Stanford students have a clear aversion to wearing bike helmets. Much like putting on sunscreen and brushing your teeth, helmet use is a loose suggestion old people give us, rarely based on actual practice. However, Stanford’s administrators have noticed the low rates of helmet usage, and the higher-ups are determined to help us prioritize our safety.
Those of you who filled out Stanford Transportation’s annual survey might remember a question about how to encourage students to wear helmets. Well, the results are in, and it looks like the only way is to adopt a planned bike crash program. Of the options given, 25% of respondents reported they would wear a helmet if it was more socially acceptable, 35% said they would if MTL made a TikTok about the danger of concussions and an impressive 95% of students would wear a helmet if they got in a crash.
Because I am invested in my hair looking stunning constantly, I forwent my helmet mid-Week 2. I don’t think anything could make me wear it again except getting t-boned by an 18-wheeler. Turns out, Stanford Transportation has our backs. An anonymous whistle-blower from within the administration reported last week that beginning next quarter, Stanford Transportation will begin rolling out a comprehensive bike crash program to encourage helmet use. Students who indicated on their form that getting in a crash would make them wear a helmet can anticipate a near-death experience sometime during winter quarter. For students like me who just need a little nudge (or a little head-on collision, as the case may be) to begin wearing a helmet, help is on the way!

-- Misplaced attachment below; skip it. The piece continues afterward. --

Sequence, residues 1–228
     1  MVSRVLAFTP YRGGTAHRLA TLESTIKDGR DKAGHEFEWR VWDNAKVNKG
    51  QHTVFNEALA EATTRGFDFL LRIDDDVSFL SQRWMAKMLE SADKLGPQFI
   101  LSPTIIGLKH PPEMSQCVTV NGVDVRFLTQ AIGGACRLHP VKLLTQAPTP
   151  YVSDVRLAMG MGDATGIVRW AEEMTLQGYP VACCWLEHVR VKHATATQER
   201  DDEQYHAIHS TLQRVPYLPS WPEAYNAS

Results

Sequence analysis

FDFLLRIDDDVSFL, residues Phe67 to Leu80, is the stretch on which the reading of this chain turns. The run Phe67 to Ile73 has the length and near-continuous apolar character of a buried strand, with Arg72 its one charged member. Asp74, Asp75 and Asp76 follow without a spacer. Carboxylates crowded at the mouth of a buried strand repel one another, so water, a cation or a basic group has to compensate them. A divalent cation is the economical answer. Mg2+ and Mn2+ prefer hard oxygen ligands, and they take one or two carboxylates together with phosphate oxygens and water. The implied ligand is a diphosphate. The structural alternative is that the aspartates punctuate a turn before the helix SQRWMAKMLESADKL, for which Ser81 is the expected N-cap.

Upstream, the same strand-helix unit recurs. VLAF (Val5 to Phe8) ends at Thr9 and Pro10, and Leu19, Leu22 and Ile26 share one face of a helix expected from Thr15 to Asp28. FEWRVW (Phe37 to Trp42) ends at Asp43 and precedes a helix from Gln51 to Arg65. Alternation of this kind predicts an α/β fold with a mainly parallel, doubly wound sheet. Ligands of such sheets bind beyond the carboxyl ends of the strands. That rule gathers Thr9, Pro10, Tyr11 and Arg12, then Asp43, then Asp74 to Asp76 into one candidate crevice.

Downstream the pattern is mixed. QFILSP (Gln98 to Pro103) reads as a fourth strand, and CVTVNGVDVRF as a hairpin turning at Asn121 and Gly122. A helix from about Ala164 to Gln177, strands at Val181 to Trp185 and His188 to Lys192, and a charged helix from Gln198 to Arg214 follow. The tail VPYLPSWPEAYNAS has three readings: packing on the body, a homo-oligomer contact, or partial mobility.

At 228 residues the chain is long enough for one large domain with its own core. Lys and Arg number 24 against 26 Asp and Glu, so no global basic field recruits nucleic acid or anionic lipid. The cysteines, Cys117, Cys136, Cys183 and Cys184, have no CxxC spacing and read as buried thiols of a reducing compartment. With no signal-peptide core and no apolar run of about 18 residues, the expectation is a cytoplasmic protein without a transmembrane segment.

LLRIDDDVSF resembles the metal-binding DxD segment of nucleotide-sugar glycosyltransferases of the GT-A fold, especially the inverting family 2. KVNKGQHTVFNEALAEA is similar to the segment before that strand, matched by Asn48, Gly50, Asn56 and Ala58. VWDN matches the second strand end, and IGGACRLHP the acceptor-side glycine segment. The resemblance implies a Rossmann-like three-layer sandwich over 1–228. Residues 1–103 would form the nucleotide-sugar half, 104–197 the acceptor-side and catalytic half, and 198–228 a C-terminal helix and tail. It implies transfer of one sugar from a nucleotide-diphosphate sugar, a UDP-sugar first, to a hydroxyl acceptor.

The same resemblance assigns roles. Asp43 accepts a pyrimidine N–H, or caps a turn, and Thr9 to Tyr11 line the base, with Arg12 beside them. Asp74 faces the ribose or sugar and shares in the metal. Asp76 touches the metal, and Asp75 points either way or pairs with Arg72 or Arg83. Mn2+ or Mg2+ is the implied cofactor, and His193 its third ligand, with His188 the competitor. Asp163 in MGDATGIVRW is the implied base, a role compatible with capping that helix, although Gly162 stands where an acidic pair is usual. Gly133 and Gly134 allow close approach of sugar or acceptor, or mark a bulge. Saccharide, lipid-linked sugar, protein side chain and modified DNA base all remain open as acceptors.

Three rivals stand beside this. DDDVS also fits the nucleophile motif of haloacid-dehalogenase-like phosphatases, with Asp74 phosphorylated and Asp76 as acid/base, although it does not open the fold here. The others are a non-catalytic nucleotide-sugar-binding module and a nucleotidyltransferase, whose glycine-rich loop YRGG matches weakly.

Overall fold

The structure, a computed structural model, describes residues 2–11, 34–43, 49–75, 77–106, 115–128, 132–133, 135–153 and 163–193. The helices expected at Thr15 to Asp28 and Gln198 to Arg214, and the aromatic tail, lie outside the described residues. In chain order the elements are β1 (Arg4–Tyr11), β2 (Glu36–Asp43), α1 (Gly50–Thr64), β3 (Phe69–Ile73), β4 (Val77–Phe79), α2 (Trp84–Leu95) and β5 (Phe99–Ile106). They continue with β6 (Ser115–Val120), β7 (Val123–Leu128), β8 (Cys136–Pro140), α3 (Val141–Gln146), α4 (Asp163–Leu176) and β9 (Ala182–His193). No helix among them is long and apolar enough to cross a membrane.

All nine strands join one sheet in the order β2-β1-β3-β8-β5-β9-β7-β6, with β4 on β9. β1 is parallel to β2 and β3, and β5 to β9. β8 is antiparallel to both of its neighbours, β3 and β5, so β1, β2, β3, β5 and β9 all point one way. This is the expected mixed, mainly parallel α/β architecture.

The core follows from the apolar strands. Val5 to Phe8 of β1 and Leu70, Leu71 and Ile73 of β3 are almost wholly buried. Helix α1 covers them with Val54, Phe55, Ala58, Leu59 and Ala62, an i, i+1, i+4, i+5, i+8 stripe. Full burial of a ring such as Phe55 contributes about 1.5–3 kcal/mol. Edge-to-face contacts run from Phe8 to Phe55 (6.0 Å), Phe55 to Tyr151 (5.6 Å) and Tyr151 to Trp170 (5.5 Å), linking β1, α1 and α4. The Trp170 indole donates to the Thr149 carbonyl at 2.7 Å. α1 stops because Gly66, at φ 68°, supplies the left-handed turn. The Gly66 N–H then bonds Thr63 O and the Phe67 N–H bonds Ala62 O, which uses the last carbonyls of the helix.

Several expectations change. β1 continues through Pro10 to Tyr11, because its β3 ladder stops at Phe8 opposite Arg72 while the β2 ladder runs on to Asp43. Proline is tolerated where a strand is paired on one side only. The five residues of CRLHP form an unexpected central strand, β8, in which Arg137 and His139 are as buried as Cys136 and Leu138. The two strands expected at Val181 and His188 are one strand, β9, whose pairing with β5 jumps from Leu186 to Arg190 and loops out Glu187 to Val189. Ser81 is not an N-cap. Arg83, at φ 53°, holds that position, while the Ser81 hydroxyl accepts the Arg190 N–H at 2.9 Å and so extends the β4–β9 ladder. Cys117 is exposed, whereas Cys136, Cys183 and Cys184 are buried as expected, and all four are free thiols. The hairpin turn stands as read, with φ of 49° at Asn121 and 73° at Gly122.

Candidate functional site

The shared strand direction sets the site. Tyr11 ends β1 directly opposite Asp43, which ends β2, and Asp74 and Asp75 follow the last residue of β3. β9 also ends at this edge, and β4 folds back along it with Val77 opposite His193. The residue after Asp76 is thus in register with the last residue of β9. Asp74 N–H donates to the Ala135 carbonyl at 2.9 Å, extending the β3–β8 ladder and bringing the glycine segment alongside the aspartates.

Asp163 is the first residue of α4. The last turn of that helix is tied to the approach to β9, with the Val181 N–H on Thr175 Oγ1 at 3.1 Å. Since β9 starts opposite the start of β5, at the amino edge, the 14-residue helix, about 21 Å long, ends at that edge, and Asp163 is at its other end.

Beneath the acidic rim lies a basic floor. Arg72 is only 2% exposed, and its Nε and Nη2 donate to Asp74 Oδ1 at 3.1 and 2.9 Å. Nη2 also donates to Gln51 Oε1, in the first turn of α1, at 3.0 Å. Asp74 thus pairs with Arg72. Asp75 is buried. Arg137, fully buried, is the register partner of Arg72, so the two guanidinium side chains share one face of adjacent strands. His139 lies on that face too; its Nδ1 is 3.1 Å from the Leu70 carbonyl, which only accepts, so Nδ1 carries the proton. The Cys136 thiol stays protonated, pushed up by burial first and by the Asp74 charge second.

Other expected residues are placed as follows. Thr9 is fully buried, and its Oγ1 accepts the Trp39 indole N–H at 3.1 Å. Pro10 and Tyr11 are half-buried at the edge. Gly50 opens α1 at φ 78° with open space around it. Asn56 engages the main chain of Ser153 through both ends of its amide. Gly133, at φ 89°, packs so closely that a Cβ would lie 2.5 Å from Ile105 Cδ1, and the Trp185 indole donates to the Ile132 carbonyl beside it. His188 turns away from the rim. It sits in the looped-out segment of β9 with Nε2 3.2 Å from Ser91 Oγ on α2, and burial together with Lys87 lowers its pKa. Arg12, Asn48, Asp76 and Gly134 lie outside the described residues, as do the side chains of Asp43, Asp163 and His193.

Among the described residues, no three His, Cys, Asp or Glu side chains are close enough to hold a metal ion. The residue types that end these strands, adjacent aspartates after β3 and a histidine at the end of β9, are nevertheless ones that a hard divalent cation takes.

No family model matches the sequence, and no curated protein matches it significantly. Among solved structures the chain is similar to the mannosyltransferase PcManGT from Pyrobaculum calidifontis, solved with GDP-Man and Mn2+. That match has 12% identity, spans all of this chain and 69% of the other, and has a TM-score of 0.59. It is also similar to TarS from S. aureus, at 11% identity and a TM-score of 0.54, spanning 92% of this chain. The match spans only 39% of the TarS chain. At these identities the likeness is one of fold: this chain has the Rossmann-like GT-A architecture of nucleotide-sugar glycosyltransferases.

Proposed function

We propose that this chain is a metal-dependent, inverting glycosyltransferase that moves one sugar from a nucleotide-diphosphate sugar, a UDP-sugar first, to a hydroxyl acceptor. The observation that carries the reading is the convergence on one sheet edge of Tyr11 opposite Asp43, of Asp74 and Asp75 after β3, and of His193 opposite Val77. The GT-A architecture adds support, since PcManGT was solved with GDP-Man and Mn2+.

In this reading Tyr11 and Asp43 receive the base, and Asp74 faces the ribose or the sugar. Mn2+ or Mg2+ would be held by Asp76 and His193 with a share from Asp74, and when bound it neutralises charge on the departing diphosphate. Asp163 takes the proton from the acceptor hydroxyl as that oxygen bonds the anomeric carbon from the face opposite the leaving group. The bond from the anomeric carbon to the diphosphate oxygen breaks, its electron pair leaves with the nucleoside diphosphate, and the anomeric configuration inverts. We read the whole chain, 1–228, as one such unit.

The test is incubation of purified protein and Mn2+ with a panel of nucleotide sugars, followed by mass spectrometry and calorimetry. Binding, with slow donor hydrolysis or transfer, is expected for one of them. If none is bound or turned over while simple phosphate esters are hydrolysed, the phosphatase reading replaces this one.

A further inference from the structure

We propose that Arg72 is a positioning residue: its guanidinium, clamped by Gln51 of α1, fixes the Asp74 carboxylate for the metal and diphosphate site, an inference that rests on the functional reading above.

Editor’s Note: This article is purely satirical and fictitious. All attributions in this article are not genuine, and this story should be read in the context of pure entertainment only.